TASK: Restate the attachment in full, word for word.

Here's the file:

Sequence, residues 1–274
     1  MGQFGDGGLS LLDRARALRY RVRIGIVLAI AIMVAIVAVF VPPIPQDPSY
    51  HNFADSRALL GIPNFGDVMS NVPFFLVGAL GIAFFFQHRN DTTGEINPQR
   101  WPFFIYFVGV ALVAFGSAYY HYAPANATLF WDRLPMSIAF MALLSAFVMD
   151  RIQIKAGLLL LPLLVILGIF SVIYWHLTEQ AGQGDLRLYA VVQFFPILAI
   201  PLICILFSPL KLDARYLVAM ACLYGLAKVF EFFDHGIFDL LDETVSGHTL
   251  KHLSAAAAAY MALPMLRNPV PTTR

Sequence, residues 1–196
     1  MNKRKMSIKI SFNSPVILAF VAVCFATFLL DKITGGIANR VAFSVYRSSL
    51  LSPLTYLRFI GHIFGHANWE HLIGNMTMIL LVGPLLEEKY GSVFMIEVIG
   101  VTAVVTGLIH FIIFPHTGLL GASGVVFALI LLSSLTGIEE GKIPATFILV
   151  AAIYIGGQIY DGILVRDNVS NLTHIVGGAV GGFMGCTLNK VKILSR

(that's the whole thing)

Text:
Sequence, residues 1–274
     1  MGQFGDGGLS LLDRARALRY RVRIGIVLAI AIMVAIVAVF VPPIPQDPSY
    51  HNFADSRALL GIPNFGDVMS NVPFFLVGAL GIAFFFQHRN DTTGEINPQR
   101  WPFFIYFVGV ALVAFGSAYY HYAPANATLF WDRLPMSIAF MALLSAFVMD
   151  RIQIKAGLLL LPLLVILGIF SVIYWHLTEQ AGQGDLRLYA VVQFFPILAI
   201  PLICILFSPL KLDARYLVAM ACLYGLAKVF EFFDHGIFDL LDETVSGHTL
   251  KHLSAAAAAY MALPMLRNPV PTTR

Sequence, residues 1–196
     1  MNKRKMSIKI SFNSPVILAF VAVCFATFLL DKITGGIANR VAFSVYRSSL
    51  LSPLTYLRFI GHIFGHANWE HLIGNMTMIL LVGPLLEEKY GSVFMIEVIG
   101  VTAVVTGLIH FIIFPHTGLL GASGVVFALI LLSSLTGIEE GKIPATFILV
   151  AAIYIGGQIY DGILVRDNVS NLTHIVGGAV GGFMGCTLNK VKILSR